Two vaccines for malaria based on genetically engineered malaria parasites have been found to be safe in humans and show preliminary signs of protection, according to a pair of new phase 1/2a clinical trials. Although further work is needed to determine their effectiveness, the new vaccines represent a promising approach to create a long-sought yet elusive vaccine for malaria. Drug treatments and interventions like mosquito nets have reduced the health burden of malaria over the past few decades, but the disease continues to pose a huge public health challenge in developing countries. The creation of a workable vaccine has been a major goal for researchers for 50 years, but most vaccine candidates have failed to show durable benefits in trials. Isaie Reuling and colleagues previously created a vaccine based on a genetically modified version of the malaria parasite Plasmodium berghei, which infects rodents but does not cause disease in humans; the parasite was modified to express a protein from the closely related Plasmodium falciparum, the primary cause of malaria in humans. Here, the scientists administered their vaccine to 24 healthy human volunteers, who tolerated the immunizations well and did not show any severe side effects. The vaccine delayed infections when the immunized volunteers were exposed to mosquitoes infected with P. falciparum, an effect that may result by blocking the parasite from invading liver cells, the researcher speculate. The authors also estimated the immunization would slash parasite loads in the liver by 95%, indicating it might provide some protection to individuals.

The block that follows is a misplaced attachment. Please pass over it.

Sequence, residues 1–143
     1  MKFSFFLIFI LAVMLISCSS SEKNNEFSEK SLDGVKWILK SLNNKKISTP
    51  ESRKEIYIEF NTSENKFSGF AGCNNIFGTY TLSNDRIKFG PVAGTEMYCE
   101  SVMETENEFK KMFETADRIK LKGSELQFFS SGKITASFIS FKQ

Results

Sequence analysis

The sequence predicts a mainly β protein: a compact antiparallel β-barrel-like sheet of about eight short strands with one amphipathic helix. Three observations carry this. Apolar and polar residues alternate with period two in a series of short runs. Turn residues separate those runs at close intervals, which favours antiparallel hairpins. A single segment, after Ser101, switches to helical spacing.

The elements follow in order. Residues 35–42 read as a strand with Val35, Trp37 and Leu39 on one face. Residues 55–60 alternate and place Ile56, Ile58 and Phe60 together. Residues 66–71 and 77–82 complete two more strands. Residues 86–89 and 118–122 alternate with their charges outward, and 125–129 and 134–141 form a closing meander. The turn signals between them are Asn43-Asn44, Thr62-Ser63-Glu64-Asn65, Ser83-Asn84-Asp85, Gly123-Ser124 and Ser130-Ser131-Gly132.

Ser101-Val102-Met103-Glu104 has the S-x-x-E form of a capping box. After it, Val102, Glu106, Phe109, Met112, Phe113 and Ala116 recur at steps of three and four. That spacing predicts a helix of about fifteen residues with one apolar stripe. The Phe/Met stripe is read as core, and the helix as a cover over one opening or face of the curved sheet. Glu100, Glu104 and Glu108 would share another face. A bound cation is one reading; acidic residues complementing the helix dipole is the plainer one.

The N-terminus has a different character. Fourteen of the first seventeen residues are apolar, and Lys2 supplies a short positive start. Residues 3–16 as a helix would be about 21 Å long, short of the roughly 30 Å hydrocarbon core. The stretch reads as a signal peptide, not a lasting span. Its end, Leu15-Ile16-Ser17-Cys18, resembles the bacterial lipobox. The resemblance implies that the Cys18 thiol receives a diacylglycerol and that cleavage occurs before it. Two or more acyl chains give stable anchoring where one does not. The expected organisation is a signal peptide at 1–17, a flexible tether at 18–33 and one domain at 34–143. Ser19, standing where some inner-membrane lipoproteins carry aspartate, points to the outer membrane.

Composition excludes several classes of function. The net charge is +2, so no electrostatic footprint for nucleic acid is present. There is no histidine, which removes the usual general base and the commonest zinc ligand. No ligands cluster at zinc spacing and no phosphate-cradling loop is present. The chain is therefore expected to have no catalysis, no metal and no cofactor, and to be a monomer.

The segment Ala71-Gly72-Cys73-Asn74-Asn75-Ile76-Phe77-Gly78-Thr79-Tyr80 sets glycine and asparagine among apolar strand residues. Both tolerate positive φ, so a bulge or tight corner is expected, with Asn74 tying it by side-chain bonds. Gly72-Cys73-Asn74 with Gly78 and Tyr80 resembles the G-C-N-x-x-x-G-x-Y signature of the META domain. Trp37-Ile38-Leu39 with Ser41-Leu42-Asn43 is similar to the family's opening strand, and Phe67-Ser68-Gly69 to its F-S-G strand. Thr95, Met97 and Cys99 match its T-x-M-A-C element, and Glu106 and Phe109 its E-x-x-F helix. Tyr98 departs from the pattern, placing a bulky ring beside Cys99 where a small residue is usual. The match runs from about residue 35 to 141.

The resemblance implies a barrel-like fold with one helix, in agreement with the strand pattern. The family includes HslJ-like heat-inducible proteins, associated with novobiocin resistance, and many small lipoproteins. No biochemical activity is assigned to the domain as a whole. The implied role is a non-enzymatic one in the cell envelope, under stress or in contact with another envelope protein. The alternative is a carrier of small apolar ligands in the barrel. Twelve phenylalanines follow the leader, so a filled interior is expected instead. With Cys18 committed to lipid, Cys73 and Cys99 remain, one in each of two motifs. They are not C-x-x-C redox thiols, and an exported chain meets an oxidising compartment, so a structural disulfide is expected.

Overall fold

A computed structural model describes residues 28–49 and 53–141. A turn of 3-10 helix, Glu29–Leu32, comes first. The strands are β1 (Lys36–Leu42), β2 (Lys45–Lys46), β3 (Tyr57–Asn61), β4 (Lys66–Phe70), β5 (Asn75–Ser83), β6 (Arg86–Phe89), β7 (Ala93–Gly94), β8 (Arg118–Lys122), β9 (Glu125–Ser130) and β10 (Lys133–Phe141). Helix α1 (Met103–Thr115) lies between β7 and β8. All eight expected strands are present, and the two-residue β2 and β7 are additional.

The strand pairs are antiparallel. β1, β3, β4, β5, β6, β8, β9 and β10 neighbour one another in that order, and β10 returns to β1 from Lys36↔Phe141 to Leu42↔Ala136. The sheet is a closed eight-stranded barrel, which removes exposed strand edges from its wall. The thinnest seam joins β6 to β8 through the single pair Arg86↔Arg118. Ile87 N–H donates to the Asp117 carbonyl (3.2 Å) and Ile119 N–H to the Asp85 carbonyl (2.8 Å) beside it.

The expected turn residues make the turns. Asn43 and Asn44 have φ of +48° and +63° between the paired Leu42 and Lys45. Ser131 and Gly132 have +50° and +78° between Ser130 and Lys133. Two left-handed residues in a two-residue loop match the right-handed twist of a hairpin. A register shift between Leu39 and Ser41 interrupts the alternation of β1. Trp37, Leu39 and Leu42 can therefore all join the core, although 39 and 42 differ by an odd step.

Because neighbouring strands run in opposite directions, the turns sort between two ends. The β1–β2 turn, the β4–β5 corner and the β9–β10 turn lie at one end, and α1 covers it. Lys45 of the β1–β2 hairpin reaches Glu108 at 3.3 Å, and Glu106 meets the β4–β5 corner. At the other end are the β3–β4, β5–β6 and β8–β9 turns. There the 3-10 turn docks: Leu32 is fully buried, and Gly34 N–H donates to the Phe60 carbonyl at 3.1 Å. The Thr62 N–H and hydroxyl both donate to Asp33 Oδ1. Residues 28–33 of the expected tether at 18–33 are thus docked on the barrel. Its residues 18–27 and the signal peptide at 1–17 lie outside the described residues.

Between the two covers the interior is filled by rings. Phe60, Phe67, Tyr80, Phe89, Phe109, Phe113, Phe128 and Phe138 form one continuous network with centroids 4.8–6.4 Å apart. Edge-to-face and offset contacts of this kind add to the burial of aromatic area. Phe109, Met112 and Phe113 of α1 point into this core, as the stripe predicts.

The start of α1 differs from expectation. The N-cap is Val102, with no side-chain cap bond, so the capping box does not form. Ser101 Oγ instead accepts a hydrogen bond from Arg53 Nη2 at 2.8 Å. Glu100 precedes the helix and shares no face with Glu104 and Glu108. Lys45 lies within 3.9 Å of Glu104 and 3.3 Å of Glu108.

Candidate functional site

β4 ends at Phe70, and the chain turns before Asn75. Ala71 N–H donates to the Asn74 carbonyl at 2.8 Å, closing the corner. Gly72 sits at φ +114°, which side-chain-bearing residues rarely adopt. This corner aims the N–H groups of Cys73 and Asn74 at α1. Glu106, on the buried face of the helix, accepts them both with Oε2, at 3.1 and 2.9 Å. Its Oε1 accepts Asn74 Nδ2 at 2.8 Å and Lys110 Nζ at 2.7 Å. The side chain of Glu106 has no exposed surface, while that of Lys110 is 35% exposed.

Taking a similar approach, Meta Roestenberg and colleagues conducted a phase 1/2a trial of their PfSPZ-GA1 vaccine, which uses a genetically weakened P. falciparum parasite. The authors tested various vaccine doses in 19 volunteers and saw that the vaccine was well-tolerated and safe. The research team then immunized 39 volunteers with either PfSPZ-GA1 or a control vaccine three times over 24 weeks and exposed the volunteers to controlled bites from mosquitoes infected with wild-type P. falciparum. Three volunteers showed complete protection, while others displayed signs of protection and delayed malaria infections compared to nine individuals who received a placebo vaccine. Reuling et al. and Roestenberg et al. say that more studies are needed before making definitive conclusions about the strength of their vaccines, but suggest their results merit further testing.